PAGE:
Stages of Grief
The stages, popularly known by the acronym DABDA.
Denial – The first reaction is denial. In this stage individuals believe the 'loss' is somehow mistaken, and cling to a false, preferable reality.
Anger – When the individual recognizes that denial cannot continue, they become frustrated, especially at proximate individuals. Certain psychological responses of a person undergoing this phase would be: "Why me? It's not fair!"; "How can this happen to me?"; "Who is to blame?"; "Why would this happen?".
Bargaining – The third stage involves the hope that the individual can avoid a cause of grief. Usually, the negotiation for an extended life is made in exchange for a reformed lifestyle. People facing less serious trauma can bargain or seek compromise. For instance: "I'd give anything to have him back." Or: "If only he'd come back to life, I'd promise to be a better person!"
Depression – "I'm so sad, why bother with anything?"; "I'm going to die soon, so what's the point?"; "I miss my loved one, why go on?"
During the fourth stage, the individual despairs at the recognition of their mortality. In this state, the individual may become silent, refuse visitors and spend much of the time mournful and sullen.
Acceptance – "It's going to be okay."; "I can't fight it; I may as well prepare for it."
In this last stage, individuals embrace mortality or inevitable future, or that of a loved one, or other tragic event. People dying may precede the survivors in this state, which typically comes with a calm, retrospective view for the individual, and a stable condition of emotions.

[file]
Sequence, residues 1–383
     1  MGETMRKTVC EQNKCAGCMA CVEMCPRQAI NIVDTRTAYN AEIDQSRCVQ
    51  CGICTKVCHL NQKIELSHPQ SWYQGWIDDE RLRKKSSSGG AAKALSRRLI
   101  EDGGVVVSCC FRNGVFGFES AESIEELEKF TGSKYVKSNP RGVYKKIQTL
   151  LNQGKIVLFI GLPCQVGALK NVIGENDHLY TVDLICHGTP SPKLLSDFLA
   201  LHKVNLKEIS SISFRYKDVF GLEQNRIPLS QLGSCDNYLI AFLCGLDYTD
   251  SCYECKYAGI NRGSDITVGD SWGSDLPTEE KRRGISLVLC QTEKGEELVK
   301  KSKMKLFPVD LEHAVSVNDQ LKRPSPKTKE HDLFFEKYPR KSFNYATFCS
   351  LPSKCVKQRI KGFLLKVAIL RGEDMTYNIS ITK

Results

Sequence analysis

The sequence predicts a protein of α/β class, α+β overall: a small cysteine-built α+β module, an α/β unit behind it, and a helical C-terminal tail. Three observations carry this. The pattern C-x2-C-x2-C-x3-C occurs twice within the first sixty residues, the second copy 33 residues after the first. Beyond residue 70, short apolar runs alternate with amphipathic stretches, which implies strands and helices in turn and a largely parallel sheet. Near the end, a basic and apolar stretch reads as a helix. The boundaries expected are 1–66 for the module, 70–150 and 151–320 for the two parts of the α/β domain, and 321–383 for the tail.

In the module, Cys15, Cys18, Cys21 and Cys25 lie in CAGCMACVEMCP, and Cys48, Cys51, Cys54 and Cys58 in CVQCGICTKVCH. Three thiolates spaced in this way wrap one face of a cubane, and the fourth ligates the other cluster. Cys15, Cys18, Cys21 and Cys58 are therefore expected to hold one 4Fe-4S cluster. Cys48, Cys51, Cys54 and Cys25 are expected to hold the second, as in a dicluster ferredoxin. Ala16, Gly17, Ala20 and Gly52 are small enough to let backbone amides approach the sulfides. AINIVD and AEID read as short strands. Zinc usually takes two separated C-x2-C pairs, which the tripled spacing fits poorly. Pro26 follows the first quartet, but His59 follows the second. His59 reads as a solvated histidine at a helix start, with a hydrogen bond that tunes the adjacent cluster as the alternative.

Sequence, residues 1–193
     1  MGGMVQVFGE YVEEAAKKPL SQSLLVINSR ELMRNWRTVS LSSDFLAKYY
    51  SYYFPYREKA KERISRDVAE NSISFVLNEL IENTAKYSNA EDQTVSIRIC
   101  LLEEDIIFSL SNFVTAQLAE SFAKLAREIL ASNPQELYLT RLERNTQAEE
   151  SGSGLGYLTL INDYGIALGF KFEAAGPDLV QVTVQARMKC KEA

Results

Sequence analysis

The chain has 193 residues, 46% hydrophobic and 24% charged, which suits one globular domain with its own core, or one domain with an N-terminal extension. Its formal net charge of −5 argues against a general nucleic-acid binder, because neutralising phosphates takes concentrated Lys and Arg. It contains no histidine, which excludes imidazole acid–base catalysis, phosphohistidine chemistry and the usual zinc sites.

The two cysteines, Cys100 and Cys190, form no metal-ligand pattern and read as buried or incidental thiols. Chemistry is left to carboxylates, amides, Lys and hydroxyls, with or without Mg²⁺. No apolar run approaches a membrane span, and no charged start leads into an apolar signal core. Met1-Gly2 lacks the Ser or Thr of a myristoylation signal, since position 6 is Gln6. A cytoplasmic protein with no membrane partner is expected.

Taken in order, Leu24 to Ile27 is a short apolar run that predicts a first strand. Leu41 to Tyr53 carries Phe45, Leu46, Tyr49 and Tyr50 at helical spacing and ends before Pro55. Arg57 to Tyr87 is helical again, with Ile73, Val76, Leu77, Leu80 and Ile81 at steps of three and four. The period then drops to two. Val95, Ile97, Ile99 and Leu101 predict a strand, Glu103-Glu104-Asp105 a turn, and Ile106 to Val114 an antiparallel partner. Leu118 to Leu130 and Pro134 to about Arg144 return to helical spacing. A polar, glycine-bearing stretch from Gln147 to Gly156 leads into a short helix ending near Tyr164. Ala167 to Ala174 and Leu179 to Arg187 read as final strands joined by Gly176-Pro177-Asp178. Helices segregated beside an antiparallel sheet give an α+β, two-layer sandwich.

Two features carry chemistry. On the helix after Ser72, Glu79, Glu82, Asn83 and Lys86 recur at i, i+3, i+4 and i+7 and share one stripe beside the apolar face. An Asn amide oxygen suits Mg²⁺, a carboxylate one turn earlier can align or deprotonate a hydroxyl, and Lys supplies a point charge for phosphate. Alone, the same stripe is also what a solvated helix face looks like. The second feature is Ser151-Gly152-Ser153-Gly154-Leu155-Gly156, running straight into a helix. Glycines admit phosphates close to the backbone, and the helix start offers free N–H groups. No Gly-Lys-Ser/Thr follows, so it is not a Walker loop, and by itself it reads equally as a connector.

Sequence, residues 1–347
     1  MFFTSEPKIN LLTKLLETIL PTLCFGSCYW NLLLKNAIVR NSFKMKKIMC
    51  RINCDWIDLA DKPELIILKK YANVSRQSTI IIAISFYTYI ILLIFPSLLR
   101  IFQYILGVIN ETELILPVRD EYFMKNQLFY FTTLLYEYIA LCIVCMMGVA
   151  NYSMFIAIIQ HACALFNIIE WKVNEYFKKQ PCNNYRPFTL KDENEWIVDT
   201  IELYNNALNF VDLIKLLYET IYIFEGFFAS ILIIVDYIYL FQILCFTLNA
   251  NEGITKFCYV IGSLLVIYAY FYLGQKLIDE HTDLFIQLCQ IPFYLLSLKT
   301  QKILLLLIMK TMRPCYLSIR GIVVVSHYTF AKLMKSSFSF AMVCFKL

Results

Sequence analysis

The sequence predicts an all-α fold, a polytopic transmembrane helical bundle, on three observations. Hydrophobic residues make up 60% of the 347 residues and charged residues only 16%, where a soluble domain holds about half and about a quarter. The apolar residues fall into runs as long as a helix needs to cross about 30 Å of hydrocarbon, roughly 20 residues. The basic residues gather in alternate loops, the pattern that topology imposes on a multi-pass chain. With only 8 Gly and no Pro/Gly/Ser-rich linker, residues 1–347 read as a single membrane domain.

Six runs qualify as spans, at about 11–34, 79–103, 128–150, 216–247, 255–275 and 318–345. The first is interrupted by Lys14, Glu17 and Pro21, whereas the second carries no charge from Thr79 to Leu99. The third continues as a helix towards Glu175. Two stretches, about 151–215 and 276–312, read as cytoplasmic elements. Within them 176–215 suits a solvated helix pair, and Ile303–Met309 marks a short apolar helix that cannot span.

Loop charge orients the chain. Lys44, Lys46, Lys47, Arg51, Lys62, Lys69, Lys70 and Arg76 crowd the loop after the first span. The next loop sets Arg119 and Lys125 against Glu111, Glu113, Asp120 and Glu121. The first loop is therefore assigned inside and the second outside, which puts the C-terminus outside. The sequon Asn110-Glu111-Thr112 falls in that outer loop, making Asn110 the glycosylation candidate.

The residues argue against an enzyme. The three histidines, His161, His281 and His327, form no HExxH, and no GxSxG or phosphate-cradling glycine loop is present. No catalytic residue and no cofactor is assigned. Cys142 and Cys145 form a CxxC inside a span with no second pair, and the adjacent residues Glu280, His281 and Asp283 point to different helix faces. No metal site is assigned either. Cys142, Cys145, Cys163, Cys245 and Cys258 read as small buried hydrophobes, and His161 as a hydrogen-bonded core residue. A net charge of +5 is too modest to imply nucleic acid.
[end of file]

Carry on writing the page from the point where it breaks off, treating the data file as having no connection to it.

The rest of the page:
Kübler-Ross later expanded her model to include any form of personal loss, such as the death of a loved one, the loss of a job or income, major rejection, the end of a relationship or divorce, drug addiction, incarceration, the onset of a disease or an infertility diagnosis, and even minor losses.
Tom Ford Through The Eyes of Rita Wilson.
He is your brother ("Let's go eat that last piece of chocolate birthday cake"), your best guy friend ("How are you? Is everything okay?"), your best gay friend ("I think you need to trim two inches off your hair"), your confidant ("Is this under the cone of silence?"), your peer ("Will you come see the first cut of my movie?"), your king ("You look stunning tonight"), and also your jester ("That girl is as dumb as hair").
He can ride a kayak down white-water rapids while looking impeccably outdoor chic against the sage of wilderness, a study in gray scale. On one such river trip, when someone marveled about the perfect fit of his off-the-shelf T-shirt, he replied, "Oh, this? This is just a T-shirt from La Rinascente"—the Macy's of Italy—"but I had it altered to fit."
He plays tennis in whites (also altered) and, not surprisingly, likes to win. On horseback, surveying the land at his Santa Fe ranch, he looks like he belongs in a Western directed by that other Ford, John, if John Ford had allowed only black horses, black hats, and black custom saddles, and had an appreciation of contemporary architecture on a stark New Mexico plain.